‘Tis the season for otherwise reasonable people to become short-tempered, snappish, or downright frantic. The pressure we put on ourselves and others to create a “perfect” meal/day/season is, quite simply, ridiculous. It will suck all the joy out of what should be a wonderful time of year, if you let it. While the admonitions to “just breathe” or “slow down” are all good and well, those are a little slippery for some of us in our more stressed-out moments. Instead, consider a small arsenal of phrases to pull out as needed; they’re guaranteed to cut tension, build connections, and make life more pleasant.
“What can I do to help?” There is no more magical phrase in the English language, I am certain, particularly if it’s offered in sincerity. This one works for any situation, from a hectic dinner preparation to a last-minute meeting. Sometimes the offer itself is enough to calm someone else who really needs it. (Bonus: If the answer is “Nothing,” find something to do, anyway, even if it’s just being present. But make sure to check that your presence is okay—“I’m just going to sit here with you for a minute, then, if that’s okay.”)
“We’re not saving lives, here.” My family likes this one as a reminder when a non-life-or-death situation has somehow escalated into overblown importance. If you are saving lives, my hat is off to you, and obviously don’t use this in the middle of CPR. But for most of us, whether or not the green beans are done when the turkey is a preference, not a crisis. Light-hearted reminders of such can not only break the immediate tension, they can remind everyone involved that there’s important and there’s everything else.
“Take your time, I’m not in a rush.” I went to the grocery store yesterday and three different people apologized to me for things that weren’t a problem at all. (In fact, even if I had been in a hurry, the grocery cart in my way, the man who didn’t realize I was standing behind him, and the woman whose chicken didn’t want to scan at the checkout weren’t delaying me by much.) We are so accustomed to rushed/angry people at this time of year, we assume our mere presence may be inconvenient to those around us. And that’s sad. There’s a tremendous amount of power in letting someone know they needn’t worry that you’re going to get annoyed with them. Bonus points if you assure someone that you, too, are capable of picking the only chicken in the case that won’t scan properly.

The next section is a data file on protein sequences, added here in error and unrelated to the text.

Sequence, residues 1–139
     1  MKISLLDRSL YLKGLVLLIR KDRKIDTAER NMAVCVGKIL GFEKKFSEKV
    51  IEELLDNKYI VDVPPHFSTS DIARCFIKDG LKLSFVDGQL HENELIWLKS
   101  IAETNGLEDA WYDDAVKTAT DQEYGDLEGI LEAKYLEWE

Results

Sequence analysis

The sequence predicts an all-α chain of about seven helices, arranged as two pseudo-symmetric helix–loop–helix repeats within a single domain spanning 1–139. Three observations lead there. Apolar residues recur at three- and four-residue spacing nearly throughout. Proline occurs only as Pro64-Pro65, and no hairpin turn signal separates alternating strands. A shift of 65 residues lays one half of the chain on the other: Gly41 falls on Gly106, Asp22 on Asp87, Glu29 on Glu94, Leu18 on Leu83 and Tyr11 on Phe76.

“I like you. I’m glad I have you in my life.” My kids think it’s funny when I tell them that I like them, but the truth of the matter is that I love them no matter what. Liking them, on the other hand, is optional. And when you tell someone you love that you like them, it’s a reminder that—choices and family ties and circumstances aside—you value them just for who they are. That’s powerful, for both of you. “I like you” is high praise in our family, and hey, it turns out that coworkers and friends dig hearing it, too. Who doesn’t want to hear that they’re valued?
“Yes.” Perhaps the most powerful word we have, saying yes—to a request, to a feeling, to a declaration—is how we make an instant connection to others. Make this your season of saying yes and see how your days unfold; the changes will be small, but I guarantee you’ll be amazed.
What would you consider your magic holiday phrase?